Wikileaks Releases FinFisher ‘Weaponized Malware’ Customer List
The whistleblower website Wikileaks on Monday released portions of the FinFisher surveillance suite, along with a customer list which includes police in Australia and the Netherlands as well as security and intelligence agencies in 15 nations.
New South Wales Police and KLPD, the national police force of the Netherlands, are listed as customers for the weaponized German surveillance malware, which can be secretly installed on targeted computers by exploiting security lapses in update procedures of non-suspect software.
Wikileaks also named state security and intelligence agencies in 15 nations as FinFisher clients: Slovakia, Mongolia, Qatar, South Africa, Bahrain, Pakistan, Estonia, Vietnam, Belgium, Nigeria, Singapore, Bangladesh, Hungary, Italy and Bosnia and Herzogovina.
Based on the customer list it published, Wikileaks estimates FinFisher made as much as $127.2 million. According to a Wikileaks SpyFiles release, the company “produces and sells computer intrusion systems, software exploits and remote monitoring systems” which can intercept communications on operating systems including Windows, iOS, Android, OS X, Linux, Symbian, BlackBerry and Windows Mobile devices.
FinFisher’s software suite includes FinSpy PC, spyware “designed to be covertly installed on a Windows computer and silently intercept files and communications, such as Skype calls, emails, video and audio through the webcam and microphone,” according to Wikileaks.
Australia’s New South Wales Police purchased about $2.3 million in FinFisher software.
Under existing Australian law, police and state security agencies may obtain warrants to search individual telecommunications content data, CNet reports. Under the nation’s Telecommunications (Interception and Access) Act, warrantless metadata collection is permitted under certain circumstances.
An alleged support ticket from NSW Police reported by ZDNet states FinSpy experienced difficulties with OS X when a surveillance target was offline.
“When a Mac target is online, there is a configuration link which allows updating the configuration of the target and Trojan,” the ticket stated. “However, when the target is offline, there isn’t any configuration link. This only appears on a Mac target. Linux and Windows targets have configuration links when the target is both online and offline.”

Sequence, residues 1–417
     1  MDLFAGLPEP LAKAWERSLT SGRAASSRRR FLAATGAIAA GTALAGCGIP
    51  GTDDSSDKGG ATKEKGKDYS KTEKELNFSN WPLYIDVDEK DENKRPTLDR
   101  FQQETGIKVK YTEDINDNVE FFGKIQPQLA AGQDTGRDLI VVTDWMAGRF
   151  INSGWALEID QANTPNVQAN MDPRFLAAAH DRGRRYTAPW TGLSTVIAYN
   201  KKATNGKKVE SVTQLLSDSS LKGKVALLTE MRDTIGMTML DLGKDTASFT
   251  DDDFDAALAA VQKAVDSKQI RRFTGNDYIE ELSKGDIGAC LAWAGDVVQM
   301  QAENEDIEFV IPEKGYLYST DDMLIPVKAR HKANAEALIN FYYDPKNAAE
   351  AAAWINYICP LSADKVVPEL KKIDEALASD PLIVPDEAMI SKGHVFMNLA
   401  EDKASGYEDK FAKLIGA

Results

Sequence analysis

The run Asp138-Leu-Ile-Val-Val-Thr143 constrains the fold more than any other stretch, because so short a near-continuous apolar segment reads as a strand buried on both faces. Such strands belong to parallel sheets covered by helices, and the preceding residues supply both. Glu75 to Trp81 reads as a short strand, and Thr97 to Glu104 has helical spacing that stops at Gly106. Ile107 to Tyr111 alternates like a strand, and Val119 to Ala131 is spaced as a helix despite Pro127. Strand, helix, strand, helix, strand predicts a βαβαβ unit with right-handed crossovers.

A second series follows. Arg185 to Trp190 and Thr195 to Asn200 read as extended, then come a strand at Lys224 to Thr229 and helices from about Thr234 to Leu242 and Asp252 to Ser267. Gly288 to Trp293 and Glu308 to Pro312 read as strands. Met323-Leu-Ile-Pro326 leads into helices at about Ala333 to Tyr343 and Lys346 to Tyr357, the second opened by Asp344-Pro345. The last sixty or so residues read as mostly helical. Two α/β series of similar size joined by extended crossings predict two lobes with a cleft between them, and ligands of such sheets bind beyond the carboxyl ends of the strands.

Last month, Netzpolitik.org reported FinFisher was hacked, resulting in the publication of 40 gigabytes of internal data. The hack also resulted in the circulation of a file on BitTorrent which reportedly contained client and price lists, source code and other sensitive details regarding FinFisher software.
Wikileaks’ Australian founder, Julian Assange, said in a statement that the latest FinFisher release would lead to measures to protect users from the malware and to identify its command and control servers. Assange, who remains confined in the Ecuadorean embassy in London as a result of a two-year legal battle involving possible extradition to Sweden to face sex crimes charges, also claimed the German government is protecting FinFisher.
“FinFisher continues to operate brazenly from Germany, selling weaponized surveillance malware to some of the most abusive regimes in the world,” Assange’s statement said. “The Merkel government pretends to be concerned about privacy, but its actions speak otherwise. Why does the Merkel government continue to protect FinFisher?”
FinFisher has grown hugely popular in recent years, gaining powerful enemies along with countless fans. Last year, Mozilla sent the company a cease and desist letter after discovering its malware was impersonating Firefox in order to infect targets.